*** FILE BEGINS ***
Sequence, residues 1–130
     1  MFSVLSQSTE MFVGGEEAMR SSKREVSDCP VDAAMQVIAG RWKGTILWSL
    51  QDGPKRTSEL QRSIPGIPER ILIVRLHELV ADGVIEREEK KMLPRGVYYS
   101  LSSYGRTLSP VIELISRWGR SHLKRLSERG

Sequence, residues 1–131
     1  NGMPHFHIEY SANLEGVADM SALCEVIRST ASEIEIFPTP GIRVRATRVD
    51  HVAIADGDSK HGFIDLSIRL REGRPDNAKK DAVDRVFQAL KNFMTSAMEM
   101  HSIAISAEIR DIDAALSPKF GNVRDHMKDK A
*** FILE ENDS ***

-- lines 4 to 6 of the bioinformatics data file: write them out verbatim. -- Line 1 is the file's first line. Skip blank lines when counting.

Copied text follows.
   101  LSSYGRTLSP VIELISRWGR SHLKRLSERG

Sequence, residues 1–131
     1  NGMPHFHIEY SANLEGVADM SALCEVIRST ASEIEIFPTP GIRVRATRVD